That moment aside, the show is staying pretty sharp. It’s got an interesting take on the construction of AI, too. Not the spell-out-every-scenario-vs-real-learning debate, which is an old one, but rather the idea that the robot’s education should primarily come from emotional experiences.
You can watch this for the philosophical aspect, or you can watch this for robots punching the crap out of each other. If you can watch it at all, that is, thanks to the unfortunate gaps in its streaming licensing.
Rage of Bahamut Virgin Soul #2-3 – Yes, Nina is a dragon, and very well aware of it, a nice change from the standard protagonist with powers they themselves barely understand. Azazel thinks she’s a demon, so apparently few people know that there’s an entire village of dragons in human form out there somewhere.
Much of these two episodes are spent filling out the cast. There’s the undead doctor; her assistant who looks like a distant relative of Thing, only with the decency to put some clothes on; an additional order of guardsmen in evil black armor just to make sure you know they’re bad news; a new guy with superhuman strength to match Nina’s, and, apparently, very handsome hands; and a better look at Azazel’s sidekick, who has angelic powers and just might be a Chosen One posing a threat to the megalomaniacal king.
The other big thing in these episodes is the wretched condition of the demon slaves, and Azazel’s fruitless efforts to wake people up to the horror of it. Nina chickens out, saying she doesn’t really understand what’s happening well enough; the captain of the guard seems willfully blind, even surrounded by evidence that some of the upper classes are into much worse than just chattel slavery.
The production values are still amazing, and Nina, despite her political timidity, is an engaging heroine at the center of a likeable ensemble.
Boruto: Naruto Next Generations #2 – Naruto started with a kid entering ninja school too, so Boruto is working hard to assure viewers that it won’t be a complete retread of its predecessor. Last episode, it emphasized the march of technology and the changes it was bringing to the ninja village and neighboring city. This time, it expounds on how much ninja training has changed in a generation.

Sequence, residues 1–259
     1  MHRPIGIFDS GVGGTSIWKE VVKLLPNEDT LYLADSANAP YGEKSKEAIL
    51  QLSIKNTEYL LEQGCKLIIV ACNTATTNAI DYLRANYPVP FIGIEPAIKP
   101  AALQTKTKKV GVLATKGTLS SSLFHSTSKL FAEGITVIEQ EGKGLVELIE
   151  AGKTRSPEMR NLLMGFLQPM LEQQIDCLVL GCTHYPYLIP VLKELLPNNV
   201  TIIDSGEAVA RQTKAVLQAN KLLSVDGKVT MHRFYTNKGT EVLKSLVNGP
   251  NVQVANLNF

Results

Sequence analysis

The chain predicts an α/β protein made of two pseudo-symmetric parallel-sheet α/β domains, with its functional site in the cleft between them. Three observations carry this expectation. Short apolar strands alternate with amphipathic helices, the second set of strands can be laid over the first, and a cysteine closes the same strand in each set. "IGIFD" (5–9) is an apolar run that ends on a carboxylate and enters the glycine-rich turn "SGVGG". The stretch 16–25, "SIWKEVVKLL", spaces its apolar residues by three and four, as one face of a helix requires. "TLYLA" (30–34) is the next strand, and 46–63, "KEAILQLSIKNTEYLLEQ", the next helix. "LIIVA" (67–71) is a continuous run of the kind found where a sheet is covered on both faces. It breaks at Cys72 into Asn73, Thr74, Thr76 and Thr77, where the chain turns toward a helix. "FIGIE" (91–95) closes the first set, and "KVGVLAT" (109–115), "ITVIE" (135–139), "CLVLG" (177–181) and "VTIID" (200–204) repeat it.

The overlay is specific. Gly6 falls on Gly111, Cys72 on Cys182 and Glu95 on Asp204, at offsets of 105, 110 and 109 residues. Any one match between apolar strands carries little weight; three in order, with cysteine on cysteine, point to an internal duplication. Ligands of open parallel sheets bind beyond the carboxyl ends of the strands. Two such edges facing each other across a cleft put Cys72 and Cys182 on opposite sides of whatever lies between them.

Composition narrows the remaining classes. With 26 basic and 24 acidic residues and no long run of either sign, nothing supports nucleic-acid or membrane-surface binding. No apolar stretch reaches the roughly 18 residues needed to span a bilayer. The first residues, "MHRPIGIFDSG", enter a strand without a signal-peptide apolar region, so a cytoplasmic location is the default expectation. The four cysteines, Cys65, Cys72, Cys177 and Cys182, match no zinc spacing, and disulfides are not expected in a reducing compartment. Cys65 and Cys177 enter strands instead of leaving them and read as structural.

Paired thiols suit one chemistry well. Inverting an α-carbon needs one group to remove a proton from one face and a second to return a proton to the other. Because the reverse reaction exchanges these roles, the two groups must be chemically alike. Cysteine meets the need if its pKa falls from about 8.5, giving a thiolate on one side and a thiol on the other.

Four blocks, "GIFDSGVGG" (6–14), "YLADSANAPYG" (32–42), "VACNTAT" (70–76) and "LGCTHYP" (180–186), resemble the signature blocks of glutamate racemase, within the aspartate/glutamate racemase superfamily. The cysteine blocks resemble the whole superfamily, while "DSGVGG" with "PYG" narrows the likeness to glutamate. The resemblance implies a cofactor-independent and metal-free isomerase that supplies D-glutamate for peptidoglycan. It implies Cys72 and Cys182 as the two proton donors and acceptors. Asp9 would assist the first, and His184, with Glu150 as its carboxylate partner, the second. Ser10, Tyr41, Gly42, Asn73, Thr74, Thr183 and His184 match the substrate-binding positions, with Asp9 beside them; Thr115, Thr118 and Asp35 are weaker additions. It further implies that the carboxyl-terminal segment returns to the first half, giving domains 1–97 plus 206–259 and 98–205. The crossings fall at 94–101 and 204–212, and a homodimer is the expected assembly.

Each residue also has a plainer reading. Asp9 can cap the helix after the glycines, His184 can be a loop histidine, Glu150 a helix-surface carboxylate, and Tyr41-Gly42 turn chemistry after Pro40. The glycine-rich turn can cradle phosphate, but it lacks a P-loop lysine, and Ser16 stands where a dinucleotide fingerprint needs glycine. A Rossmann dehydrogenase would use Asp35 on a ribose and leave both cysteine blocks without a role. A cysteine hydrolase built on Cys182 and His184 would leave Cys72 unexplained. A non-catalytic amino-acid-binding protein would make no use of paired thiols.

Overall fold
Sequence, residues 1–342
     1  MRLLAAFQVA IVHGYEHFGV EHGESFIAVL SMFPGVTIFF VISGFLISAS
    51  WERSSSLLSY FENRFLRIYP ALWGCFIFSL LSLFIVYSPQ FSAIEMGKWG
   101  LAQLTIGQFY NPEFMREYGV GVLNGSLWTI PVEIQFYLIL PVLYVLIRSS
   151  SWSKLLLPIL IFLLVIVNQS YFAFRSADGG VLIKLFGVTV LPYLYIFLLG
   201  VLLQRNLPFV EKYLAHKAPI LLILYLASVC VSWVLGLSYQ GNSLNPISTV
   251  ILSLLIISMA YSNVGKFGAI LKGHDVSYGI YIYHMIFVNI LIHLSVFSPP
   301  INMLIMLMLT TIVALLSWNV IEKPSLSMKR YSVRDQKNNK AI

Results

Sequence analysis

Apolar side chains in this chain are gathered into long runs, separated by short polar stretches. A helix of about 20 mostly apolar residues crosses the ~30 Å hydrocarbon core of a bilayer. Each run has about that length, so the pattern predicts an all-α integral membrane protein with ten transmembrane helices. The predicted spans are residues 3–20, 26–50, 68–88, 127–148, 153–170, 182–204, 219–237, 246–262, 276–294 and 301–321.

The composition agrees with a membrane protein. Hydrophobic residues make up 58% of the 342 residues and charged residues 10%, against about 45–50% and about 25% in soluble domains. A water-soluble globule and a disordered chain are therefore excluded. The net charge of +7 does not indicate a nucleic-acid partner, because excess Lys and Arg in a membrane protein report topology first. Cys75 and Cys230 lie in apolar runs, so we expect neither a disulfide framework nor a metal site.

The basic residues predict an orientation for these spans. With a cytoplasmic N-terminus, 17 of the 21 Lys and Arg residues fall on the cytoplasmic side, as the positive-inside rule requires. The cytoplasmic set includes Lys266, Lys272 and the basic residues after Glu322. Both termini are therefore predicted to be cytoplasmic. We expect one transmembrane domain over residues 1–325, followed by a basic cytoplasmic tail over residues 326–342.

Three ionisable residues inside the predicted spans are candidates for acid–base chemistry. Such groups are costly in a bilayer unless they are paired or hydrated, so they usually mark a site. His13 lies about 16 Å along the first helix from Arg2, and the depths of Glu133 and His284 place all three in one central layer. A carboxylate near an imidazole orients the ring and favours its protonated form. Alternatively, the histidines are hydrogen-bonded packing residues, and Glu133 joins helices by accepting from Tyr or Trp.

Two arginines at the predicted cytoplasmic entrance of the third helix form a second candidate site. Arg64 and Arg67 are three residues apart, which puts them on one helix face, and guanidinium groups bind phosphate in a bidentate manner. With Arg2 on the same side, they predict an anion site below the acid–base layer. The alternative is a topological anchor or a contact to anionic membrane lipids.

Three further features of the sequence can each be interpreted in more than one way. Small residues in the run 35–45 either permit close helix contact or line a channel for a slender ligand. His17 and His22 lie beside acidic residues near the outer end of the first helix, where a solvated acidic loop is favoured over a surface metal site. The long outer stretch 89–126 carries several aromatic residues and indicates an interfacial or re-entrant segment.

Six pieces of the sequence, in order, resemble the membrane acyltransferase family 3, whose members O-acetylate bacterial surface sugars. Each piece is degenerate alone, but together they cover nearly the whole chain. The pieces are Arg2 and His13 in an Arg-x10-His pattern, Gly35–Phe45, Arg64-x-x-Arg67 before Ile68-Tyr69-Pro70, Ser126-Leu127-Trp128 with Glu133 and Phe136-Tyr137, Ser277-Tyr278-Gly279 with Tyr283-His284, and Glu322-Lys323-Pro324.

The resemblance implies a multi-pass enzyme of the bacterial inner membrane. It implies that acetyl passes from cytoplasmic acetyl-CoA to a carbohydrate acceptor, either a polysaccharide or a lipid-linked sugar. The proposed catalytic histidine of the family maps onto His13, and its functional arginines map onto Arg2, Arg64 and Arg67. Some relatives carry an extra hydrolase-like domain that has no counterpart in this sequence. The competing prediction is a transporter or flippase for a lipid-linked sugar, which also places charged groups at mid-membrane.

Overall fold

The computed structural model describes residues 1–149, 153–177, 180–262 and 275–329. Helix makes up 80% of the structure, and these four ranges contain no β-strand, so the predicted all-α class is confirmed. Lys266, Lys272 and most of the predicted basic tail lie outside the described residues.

Iwabee, one of Boruto’s classmates, wants to be the strongest ninja of all, like any good shōnen series character. But being strongest isn’t enough anymore; Iwabee has failed his graduation tests twice because he won’t pay any attention to book learning. Because this is still a shōnen series, this naturally leads to a high-powered fight in the school gym followed by male bonding.
Art and animation are still stuck at “passable”. Don’t expect anything great from this show, but it does what it wants to do well enough.
My Hero Academia #15 – One more recap before the credits, and then it’s time to move on. Well, but then some things need to be reiterated by more people, and then Izuku needs to have some quick flashbacks to people saying things that put pressure on him. This is where you start to suspect that the plot is going to be stretched a bit thin this season.
Eventually it’s time for the school sports festival to start, and the MC is an “R-rated” superheroine in bondage gear. The author seems to have realized the potential problem with this in a high school setting, so he has the characters briefly debate it, so he can remind you that the distinguishing trait of one of them is that he’s a pervert. Actually, a sadist is a good representative of this competition, because the people who designed it were apparently some sick bastards. Surprise event #1 is an “obstacle course” race, where the main obstacles are other students, as everyone is given free rein to fight each other in order to win.
The first season of My Hero Academia was chock full of shōnen cliches, but executed beautifully. This season, it feels like it’s falling victim to common shōnen series pitfalls, chief among them being slow pacing (at the end of this episode, the race is still on lap 1 of 4). It’s not terrible, but in a season like this, doing the tropes well is not nearly enough.
And with that, it’s finally time to pick five shows to follow for the rest of the season. Atom: The Beginning is disqualified because I’d like to stick to shows that are available to most potential readers of this column, and as far as I can tell, it isn’t available in some major English-speaking countries. (Kado‘s territories, which were still TBA at the time of its premiere, were finalized at worldwide excepting Asia, so it’s fine.)
As I keep saying, Boruto and My Hero Academia are okay, but they are definitely on a lower tier than the rest of the shows in this list, so I’ll be cutting them. That leaves Kado, Attack on Titan, The Eccentric Family 2, Rage of Bahamut, and Alice & Zoroku, and one heck of a season ahead.